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    • Equality Bill: Public Sector Duty Specific Duties Scottish Government Equalities Unit 29 September 2009 15th January 2010 Available in other formats on request. Sense Scotland, 43 Middlesex Street, Glasgow G41 1EE Tel: +44 (0) 141 429 0294 Fax: +44 (0) 141 429 0295 Text: +44 (0) 141 418 7170 www.sensescotland.org.uk info@sensescotland.org.uk Registered as a company limited by guarantee in Scotland 147570 Registered Scottish Charity Number SC022097
    • Equality Bill: Public Sector Duty Specific Duties 29 September 2009 Response from Sense Scotland 15 January 2010 Introduction Sense Scotland is a leader in the field of communication and innovative support services for people who are marginalised because of challenging behaviour, health care issues and the complexity of their support needs. The organisation offers a range of services for children, young people and adults whose complex support needs are caused by deafblindness or sensory impairment, physical, learning or communication difficulties. Our services are designed to provide continuity across age groups and we work closely with families and colleagues from health, education, social work and housing. This breadth and depth of approach to service delivery helps us take a wider perspective on the direction and implementation of new policies. To inform our response we have taken part in one of the Equalities and Human Rights Commission (EHRC) stakeholder events (Glasgow) as well as a round table discussion at Scottish Government. Comments on the General Duty We appreciate that this consultation response is not the place to raise concerns about the General Duty which is addressed in the main Single Equality Bill. Nonetheless we want to mention three broad concerns we have with the Bill. In doing so we recognise Scottish Government’s intention to raise the status of Public Sector Specific Duties in Scotland, partly to compensate for what they too perceive as shortfalls in the General Duty. The three areas of concern we have with the Bill and for which the PSSD can compensate are: • The use of “due regard” with reference to achieving equality. We support the EHRC position that more than ‘due regard’ is needed if we are to achieve equality. ‘Due regard’ can result in no action and no change in outcomes for people affected by inequality. We support EHRC proposals on the need for public authorities to “take all steps that they reasonably consider appropriate or necessary” to achieve equality. • Maintenance of the asymmetric nature of duties to disabled people. Currently a disabled person can receive more favourable treatment in order to meet their needs. This is not the same as having to take account of a disabled person’s needs even if this involves more favourable treatment. We support the position taken by the twelve organisations forming the Disability Charities Consortium (DCC) in their response to the bill. • Reasonable adjustment duty in particular its anticipatory provisions. Again we support the DCC position that the Westminster Government intend to retain the anticipatory duties. Sense Scotland Page 2 of 18 15 January 2010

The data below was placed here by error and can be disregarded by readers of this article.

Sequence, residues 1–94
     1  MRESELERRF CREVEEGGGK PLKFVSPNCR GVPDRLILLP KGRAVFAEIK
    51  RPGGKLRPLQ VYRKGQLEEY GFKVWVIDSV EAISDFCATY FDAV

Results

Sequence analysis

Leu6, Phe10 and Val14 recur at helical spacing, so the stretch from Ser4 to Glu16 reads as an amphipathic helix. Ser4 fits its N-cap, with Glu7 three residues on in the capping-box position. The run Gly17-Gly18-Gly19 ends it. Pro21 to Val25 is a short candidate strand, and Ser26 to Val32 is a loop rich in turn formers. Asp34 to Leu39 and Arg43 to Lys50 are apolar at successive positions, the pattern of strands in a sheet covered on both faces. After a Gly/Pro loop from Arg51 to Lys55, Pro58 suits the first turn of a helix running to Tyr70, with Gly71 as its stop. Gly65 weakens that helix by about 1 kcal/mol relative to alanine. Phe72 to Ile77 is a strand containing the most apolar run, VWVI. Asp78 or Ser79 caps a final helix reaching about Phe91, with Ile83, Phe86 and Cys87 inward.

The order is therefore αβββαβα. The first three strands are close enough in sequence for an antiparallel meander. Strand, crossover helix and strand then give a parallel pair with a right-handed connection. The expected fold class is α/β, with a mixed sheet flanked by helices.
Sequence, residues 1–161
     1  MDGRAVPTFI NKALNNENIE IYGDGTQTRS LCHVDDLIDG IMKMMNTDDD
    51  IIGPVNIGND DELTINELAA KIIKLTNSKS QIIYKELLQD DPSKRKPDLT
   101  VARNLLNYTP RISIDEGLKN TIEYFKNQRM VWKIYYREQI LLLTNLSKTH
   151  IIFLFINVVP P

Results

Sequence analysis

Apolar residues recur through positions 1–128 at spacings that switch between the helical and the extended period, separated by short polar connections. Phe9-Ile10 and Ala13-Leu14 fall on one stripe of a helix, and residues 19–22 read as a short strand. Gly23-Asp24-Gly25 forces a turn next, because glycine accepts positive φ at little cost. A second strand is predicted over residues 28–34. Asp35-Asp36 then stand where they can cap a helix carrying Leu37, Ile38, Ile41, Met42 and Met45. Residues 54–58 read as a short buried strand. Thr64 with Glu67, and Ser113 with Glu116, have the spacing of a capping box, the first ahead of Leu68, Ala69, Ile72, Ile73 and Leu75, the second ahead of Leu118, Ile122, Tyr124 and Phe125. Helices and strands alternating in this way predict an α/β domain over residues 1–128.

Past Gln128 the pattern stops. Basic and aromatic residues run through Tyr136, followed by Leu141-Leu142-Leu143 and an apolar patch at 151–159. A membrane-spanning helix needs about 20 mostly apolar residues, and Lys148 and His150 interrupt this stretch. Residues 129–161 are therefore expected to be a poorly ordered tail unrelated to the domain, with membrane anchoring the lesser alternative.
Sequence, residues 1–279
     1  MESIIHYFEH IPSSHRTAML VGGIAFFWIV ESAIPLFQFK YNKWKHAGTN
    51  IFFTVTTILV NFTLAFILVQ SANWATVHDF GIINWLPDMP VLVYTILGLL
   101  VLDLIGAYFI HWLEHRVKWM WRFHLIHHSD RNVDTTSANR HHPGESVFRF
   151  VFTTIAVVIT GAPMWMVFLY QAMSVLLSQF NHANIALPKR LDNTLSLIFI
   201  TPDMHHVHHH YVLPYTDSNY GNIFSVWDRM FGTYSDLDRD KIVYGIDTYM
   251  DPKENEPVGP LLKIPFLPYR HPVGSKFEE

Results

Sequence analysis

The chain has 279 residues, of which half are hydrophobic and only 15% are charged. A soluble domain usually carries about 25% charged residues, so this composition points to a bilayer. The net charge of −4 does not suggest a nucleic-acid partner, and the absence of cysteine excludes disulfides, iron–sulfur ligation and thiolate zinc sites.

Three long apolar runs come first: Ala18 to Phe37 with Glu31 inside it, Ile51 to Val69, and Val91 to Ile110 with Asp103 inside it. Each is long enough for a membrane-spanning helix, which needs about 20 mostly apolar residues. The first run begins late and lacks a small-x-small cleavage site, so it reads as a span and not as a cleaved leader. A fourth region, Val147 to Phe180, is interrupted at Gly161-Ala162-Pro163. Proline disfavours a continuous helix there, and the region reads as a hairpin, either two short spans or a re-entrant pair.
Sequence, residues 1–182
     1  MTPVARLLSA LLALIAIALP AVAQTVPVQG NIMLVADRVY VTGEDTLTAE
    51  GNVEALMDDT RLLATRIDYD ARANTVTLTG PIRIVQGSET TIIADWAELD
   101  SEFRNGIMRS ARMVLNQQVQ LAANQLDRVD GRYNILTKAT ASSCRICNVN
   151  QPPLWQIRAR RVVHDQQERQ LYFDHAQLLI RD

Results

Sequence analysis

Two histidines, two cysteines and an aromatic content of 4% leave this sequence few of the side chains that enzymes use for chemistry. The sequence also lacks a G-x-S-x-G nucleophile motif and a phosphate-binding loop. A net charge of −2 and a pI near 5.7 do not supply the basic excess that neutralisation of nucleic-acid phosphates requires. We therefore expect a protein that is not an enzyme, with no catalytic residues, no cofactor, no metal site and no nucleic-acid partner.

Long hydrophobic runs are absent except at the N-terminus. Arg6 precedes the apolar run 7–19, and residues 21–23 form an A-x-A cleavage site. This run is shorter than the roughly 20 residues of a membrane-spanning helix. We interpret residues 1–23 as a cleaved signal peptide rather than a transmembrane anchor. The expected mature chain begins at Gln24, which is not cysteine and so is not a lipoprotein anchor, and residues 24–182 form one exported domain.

• Equality Bill: Public Sector Duty Specific Duties 29 September 2009 Response from Sense Scotland 15 January 2010 Our response to the specific duties is we believe consistent with Scottish Government’s stated intentions of introducing ways to ensure continued improvements in equality of all people in Scotland through its framing of Public Sector Specific Duties. Comments on the Specific Duty Implementation of specific duties is essential to delivering the wider general public sector duty on equality. It is important then that specific duties lead to improvements not just on process but on outcomes and on autonomy – showing improvements with groups who are least able to make their views known. Scottish Government should make it clear what duties it expects public authorities to fulfil. Involvement and engagement with stakeholders should be made transparent at all stages. Question 1: Do you think that it would be helpful to have in place specific duties on public authorities to assist in the delivery of the general Equality Duty? Yes. We believe that specific duties will be an important element in ensuring that Equality Bill requirements are addressed. Duties should be clear, specific and measurable. Coverage Question 2: Do you think the criteria set out at paragraph 4.4 are the right criteria for considering whether a public authority should be subject to the new specific duties? Yes. As regards an organisation having ‘significant effect on the lives of people who are protected’ it would be helpful to include in guidance what is meant by the term ‘significant’. The experience of the Education (Additional Support for Learning) (Scotland) Act 2004 is instructive. A recent amendment to the Act was introduced because the 2004 Act did not define ‘significant’. Left undefined, a public body’s reluctance, intransigence, or simple omission, may be construed as not having a significant effect on people’s lives. That lack of significant effect would then justify not being subject to specific duties. Services commissioned by public authorities should also be included under the duty. (This would also to apply to so-called Sense Scotland Page 3 of 18 15 January 2010